by Nadine Cavanaugh, opinion editor
What defines a “bad” teacher? And are the standards that decide that fair in how they are evaluated?
There comes a point in every student’s’ life where they find themselves saying “Wow, I really hate this teacher”, but sometimes the reasons for a student saying this varies. It could be because the student failed that teacher’s pop quiz, or if they think that this teacher is out to get them; and then there’s the classic “I just hate them”.
Regardless of students’ opinions of their teachers, the new teacher evaluation system is cracking down on NYC teachers harder than ever. Drastic changes in the teacher evaluation system are literally redefining what can make or break a teacher’s career. If a teacher fails to prove their effectiveness, they may be fired and/or lose tenure as a result.
In June, the new teacher evaluation system was created in the attempt to measure teacher effectiveness. According to the NYCDOE’s new teacher evaluation and Development System, 60% of a teacher’s overall rating will be based on Measures of Teacher Practice, 20% state measures (i.e. regents scores), and 20% local measures (ie. assessments provided by the city). This will result in more tests for students. By the first week of school, every teacher will have met with their administrators for their initial planning conference, in which they discuss how they want to be observed. One consists of 1 formal observation (lasting one full period) and 3 different informal observations (lasting only 15 minutes) and the other consisting of 6 informal observations which are unannounced, according to the Teacher Effectiveness Program.
These will be a crucial part in determining the teacher’s effectiveness. Believe it or not, student surveys will eventually play a role in the evaluations as well. Teachers will receive a rating of highly effective, effective, developing, and ineffective based upon their overall “scores”.
“I think there are many good components as far as observations are concerned – I have mixed feeling about teachers being evaluated by their students test scores,” Assistant Principal Mr. Jurman, said.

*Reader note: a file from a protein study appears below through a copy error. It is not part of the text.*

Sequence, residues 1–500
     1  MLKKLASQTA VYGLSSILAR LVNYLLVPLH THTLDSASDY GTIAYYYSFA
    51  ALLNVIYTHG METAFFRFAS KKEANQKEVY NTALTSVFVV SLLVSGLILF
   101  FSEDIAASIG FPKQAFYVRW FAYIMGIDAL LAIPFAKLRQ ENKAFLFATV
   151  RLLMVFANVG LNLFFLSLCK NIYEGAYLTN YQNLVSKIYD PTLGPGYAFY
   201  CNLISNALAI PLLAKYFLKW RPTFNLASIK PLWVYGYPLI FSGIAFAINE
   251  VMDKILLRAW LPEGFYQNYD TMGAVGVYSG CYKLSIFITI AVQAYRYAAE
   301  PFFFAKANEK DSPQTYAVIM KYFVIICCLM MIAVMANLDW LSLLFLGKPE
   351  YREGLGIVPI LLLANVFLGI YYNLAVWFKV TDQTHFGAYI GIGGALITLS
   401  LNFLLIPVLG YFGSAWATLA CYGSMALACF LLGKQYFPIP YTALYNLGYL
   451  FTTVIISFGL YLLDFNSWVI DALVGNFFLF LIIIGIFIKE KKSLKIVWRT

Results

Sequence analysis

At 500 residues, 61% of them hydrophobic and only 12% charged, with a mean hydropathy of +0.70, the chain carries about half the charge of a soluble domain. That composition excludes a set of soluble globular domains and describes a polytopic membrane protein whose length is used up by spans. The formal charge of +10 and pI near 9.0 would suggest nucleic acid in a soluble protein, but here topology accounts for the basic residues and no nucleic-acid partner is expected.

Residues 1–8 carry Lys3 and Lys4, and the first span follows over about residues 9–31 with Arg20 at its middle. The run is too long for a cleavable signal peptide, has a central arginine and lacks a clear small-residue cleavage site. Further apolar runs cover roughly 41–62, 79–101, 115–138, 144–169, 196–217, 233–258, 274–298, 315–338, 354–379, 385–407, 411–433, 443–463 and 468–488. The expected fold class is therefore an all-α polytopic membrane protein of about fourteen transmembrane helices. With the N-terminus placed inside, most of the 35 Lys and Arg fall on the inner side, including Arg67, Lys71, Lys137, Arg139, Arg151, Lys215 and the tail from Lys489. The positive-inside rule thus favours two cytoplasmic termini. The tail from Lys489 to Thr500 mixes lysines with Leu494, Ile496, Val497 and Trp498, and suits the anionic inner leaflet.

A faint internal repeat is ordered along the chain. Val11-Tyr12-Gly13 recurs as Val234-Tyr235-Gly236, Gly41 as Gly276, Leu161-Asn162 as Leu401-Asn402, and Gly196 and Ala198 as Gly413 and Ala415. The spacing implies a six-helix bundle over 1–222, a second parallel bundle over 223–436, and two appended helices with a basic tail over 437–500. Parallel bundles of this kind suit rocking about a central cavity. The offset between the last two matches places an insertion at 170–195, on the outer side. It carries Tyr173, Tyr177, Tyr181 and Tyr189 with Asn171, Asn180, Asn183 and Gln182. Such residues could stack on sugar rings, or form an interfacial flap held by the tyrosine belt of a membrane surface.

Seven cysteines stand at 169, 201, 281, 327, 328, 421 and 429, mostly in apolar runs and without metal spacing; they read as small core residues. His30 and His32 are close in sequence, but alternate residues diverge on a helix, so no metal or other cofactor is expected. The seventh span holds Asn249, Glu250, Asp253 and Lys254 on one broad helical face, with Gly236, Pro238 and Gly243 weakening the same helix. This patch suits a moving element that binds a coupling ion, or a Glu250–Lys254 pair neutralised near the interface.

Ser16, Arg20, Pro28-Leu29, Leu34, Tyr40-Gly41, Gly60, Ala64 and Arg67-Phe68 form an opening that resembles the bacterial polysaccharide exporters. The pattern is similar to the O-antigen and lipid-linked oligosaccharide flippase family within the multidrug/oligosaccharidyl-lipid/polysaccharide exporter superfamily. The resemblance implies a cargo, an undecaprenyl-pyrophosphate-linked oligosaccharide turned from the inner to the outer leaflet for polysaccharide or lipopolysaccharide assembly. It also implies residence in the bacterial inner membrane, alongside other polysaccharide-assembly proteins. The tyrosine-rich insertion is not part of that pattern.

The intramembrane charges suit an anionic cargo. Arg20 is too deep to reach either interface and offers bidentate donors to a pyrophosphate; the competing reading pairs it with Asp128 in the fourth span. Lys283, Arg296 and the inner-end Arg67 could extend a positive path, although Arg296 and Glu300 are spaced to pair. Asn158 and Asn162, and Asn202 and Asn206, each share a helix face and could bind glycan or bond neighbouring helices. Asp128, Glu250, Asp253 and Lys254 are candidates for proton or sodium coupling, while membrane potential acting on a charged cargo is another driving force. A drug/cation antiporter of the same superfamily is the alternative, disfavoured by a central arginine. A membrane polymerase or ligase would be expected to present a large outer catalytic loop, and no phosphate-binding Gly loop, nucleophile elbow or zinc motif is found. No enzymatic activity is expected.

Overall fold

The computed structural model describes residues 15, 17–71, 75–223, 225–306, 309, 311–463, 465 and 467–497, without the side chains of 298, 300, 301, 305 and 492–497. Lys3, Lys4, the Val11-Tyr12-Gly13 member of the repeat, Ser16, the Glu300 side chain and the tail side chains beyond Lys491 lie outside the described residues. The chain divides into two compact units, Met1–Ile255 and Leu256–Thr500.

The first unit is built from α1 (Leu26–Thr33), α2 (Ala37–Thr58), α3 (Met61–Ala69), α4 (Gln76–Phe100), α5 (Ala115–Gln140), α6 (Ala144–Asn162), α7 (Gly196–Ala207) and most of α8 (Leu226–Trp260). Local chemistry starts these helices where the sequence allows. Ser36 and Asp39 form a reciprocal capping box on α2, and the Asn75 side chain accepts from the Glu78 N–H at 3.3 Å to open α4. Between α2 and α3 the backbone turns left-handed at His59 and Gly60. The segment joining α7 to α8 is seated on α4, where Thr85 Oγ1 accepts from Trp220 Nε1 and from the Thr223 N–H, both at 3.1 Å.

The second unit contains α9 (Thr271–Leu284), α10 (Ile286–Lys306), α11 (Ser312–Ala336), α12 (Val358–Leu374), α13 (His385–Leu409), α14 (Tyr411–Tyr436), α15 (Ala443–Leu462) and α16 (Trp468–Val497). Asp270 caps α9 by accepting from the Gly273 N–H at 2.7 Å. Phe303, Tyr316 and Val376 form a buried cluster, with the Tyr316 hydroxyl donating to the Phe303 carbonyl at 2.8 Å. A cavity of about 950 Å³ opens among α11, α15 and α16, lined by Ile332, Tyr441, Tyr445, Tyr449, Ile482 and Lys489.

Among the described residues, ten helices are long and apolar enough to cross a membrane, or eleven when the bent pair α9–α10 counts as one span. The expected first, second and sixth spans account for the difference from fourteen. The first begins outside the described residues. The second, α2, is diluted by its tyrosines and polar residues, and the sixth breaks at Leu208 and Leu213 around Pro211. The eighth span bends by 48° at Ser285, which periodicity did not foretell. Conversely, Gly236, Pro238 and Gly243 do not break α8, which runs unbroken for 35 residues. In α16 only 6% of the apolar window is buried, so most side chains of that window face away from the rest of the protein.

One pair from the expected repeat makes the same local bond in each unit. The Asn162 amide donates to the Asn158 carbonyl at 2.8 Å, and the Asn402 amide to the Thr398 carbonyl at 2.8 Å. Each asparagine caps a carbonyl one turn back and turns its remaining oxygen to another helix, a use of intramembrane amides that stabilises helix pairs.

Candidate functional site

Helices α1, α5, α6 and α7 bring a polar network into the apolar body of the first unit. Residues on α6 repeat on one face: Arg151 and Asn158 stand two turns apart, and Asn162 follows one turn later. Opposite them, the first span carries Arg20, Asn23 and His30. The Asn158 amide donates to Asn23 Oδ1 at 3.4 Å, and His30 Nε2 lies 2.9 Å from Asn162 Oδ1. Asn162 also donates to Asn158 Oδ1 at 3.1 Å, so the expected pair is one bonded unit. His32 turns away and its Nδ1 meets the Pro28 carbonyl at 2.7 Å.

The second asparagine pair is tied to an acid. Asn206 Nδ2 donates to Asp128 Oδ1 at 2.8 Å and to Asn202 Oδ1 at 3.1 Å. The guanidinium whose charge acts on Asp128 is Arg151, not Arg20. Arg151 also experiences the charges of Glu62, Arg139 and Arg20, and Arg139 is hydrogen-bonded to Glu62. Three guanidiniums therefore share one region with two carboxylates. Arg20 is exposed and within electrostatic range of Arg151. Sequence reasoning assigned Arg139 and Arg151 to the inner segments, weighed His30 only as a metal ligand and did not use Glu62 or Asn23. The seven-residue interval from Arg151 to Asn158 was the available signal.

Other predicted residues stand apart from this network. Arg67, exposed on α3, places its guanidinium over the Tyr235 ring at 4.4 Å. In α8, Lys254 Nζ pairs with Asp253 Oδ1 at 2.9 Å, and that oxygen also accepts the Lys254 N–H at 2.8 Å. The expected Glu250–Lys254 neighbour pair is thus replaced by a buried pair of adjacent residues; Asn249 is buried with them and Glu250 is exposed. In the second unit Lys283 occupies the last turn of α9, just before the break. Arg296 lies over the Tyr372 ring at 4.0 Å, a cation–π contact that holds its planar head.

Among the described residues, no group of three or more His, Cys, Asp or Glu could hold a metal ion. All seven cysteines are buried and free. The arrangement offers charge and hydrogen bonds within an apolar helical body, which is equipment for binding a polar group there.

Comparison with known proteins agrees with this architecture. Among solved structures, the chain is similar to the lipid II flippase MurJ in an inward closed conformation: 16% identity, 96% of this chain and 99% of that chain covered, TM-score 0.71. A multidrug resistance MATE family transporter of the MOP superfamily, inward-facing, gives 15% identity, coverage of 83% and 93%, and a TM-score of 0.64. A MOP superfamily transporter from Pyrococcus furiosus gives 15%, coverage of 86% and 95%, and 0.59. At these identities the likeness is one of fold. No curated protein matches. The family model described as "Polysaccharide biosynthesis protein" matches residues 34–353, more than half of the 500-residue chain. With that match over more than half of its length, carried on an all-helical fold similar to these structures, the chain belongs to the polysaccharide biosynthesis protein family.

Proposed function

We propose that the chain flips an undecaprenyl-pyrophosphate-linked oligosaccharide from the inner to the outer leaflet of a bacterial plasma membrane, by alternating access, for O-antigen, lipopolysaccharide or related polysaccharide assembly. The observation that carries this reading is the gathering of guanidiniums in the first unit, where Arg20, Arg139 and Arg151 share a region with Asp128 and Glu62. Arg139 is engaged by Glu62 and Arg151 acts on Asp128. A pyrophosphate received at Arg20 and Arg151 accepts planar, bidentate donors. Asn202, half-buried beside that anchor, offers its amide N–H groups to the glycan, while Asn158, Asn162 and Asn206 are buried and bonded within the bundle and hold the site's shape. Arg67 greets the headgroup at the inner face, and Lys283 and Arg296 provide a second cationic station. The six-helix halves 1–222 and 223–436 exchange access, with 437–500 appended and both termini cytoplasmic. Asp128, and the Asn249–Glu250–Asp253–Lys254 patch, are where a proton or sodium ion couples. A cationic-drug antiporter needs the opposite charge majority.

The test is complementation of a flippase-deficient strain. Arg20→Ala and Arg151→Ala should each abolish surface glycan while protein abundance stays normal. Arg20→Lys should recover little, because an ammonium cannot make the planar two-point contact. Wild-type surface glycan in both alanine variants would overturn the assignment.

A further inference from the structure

However, there are many aspects that are not taken into account when teachers are evaluated. Simply saying that you like a teacher because “he’s cool” or “she just gets me” are not considered important; emotional growth is completely disregarded when it comes to evaluating a teacher.
“There’s so much more to student achievement and growth than simply their test scores,” English teacher at Mott Haven Community High School, Ms. Cantatore, said.
As a teacher in a transfer school, Ms. Cantatore sees changes such as this all the time; where in September students will struggle with tasks such as working in group projects, and by the end of the school year will have broken through that barrier and are able to do things they were previously incapable of. Arguably, this is just as important, if not more so, as getting students to pass their regents.
“We had a working agreement on the table and it was the Department of Education that pulled out of the agreement,” Government teacher and UFT Chapter Leader, Mr. Mengani, said on the “re-tooling” of the teacher evaluating standards.
“We’ve always been ready, willing and able to work with the New York City [DOE]; they have constantly and consistently demonstrated that they are not interested in the well-being of children, they are not interested in the well being of teachers and families, that they have their own agenda and that they will pursue their own agenda to the harm of children, families and teachers.”
“Is the current evaluation system going to be better than the system that we used to have; yeah, probably. But is the new evaluation system good in and of itself; no… I think the new evaluation system is too complicated, too opaque.. It over emphasizes standardized testing, and there’s far too many questions than answers,” Mengani said.
Students who have experienced first-hand the effectiveness (or ineffectiveness) of a teacher can add to the ongoing debate.
“I [love] how Mr. Sosa teaches, and when I need help, I [could] go to him any time and he’d be willing to help me,” senior Jody Yip, said.
“There’s too many unknowns; there’s too many…questions we don’t have the answers to, and we’re rushing to implement the system and I dont know whats going to happen….Bottom line is, good teaching is good teaching,” Mengani said.
With mixed feelings about the new system, it makes students and teachers alike wonder if and when the blanks will be filled out, and at the end of the day, which teachers are left standing.